Two more flags have been stolen from Langley resident Lisa Ebenal, who made headlines last week when a rainbow flag on her front yard was mistakenly removed by a municipal crew.
This time, two flags were stolen on Friday (June 21), one from the front yard of her Aldergrove home, and a second one Ebenal had attached to her fence.
A neighbour’s security camera captured a person on a bicycle stealing the flag from her fence, and has given the video to the RCMP, she said.
“I was really kind of angry and fed up,” is how Ebenal described her immediate reaction.
“I thought, ‘here we go again.’”
But then, the owner of the Flag Shop in Vancouver managed to get in touch and offered to donate a box of pride flags, and when Ebenal let her neighbours know about it, the banners were quickly snapped up.
“It was amazing,” she said.
“A whole lot of people showed up.”
She said her spirits were lifted by the positive feedback she received both online and in person since the latest theft.
“I got some really nice, supportive comments,” she said.
Shortly after Ebenal ran out of flags, another box arrived, with some flags she had ordered online.
Ebenal noted the other rainbow flags, that many of her neighbours began flying to show support, do not appear to have been touched.
“It’s just my flags [that were taken].”
Her first flag was stolen about two weeks ago.
Then, she replaced her flag in the front yard of her home on Thursday, June 13, only to have it disappear the next day.
When a Township of Langley vehicle was spotted in the area around the time the flag was taken, phone call to the Township at first drew a denial that the municipality would do something like that.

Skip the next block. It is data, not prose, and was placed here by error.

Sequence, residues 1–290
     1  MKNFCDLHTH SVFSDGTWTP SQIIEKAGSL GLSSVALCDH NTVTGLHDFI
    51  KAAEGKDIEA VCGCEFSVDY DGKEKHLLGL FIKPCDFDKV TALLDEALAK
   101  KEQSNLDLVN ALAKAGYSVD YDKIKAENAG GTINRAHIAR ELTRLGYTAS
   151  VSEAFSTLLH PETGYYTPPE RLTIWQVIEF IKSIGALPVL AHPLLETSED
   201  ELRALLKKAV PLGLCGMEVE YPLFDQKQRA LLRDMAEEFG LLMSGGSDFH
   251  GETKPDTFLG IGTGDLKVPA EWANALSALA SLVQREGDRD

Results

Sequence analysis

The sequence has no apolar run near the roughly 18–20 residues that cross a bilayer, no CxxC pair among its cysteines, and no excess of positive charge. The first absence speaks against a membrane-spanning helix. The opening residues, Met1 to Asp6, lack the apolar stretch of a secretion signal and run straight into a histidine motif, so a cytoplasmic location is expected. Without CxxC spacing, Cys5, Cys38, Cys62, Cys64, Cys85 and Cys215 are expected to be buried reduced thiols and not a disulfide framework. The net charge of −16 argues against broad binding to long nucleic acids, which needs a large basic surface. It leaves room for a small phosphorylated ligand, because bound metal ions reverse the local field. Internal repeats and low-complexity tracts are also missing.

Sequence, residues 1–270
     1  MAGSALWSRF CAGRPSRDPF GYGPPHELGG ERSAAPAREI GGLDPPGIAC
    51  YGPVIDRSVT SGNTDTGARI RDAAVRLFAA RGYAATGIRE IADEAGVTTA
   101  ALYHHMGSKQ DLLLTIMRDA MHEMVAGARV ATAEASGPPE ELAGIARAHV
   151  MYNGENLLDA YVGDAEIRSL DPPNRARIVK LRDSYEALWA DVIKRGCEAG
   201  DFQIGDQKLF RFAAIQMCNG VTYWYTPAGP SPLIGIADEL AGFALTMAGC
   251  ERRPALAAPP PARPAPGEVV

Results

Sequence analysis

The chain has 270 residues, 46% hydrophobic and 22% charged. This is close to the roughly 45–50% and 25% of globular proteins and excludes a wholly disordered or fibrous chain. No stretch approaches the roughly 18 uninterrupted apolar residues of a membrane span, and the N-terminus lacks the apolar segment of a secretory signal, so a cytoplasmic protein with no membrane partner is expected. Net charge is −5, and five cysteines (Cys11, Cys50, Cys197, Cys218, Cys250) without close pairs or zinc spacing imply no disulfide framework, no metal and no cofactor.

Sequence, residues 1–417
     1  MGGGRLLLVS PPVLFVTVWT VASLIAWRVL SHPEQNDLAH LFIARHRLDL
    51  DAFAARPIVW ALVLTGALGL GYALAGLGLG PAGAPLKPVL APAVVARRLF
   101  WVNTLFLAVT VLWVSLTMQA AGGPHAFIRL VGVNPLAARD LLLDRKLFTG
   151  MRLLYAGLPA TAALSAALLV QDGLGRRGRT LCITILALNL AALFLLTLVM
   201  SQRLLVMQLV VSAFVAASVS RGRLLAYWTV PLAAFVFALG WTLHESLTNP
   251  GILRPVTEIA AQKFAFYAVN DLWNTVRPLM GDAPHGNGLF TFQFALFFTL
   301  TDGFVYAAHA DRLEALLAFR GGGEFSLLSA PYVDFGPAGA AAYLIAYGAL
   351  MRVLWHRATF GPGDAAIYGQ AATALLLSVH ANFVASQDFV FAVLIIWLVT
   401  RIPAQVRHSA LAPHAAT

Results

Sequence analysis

But then, there was a call back that said the flag had been removed by mistake because of an anonymous complaint.
It was an error, according to a written statement released by the Township.
“The Township received a complaint about a flag covering what was believed to be a Township sign on a street corner indicating the entrance to a named subdivision,” the statement said.
“As signs are not normally placed on private property, a crew responded assuming that the sign was on public property and removed the flag as per standard practice.”
When they subsequently received another call that the sign was on private property, the statement said the crew “promptly returned the flag to the property owner and verbally apologized.”
Steps will be taken to prevent a repeat, the statement promised.
“The Township regrets the distress our confusion may have caused to the residents and neighbors and going forward will remind crews to check property locations of signs prior to taking action.”
Ebenal said the decorative ground-level sign was put up by the developer of the subdivision.
“It was the show home,” she explained.
“When I bought it, they offered to take it down and I said, leave it.”
She noted the sign was located well back on her front lawn, behind a garden.
“It’s recessed on my property,” Ebenal observed.
“They [the crew] certainly acted without doing due diligence,” she added.
READ ALSO: Pride Flag flies over Langley City
Ebenal has accepted an invitation from Surrey Pride to tell her story at an public event in that city next Saturday.
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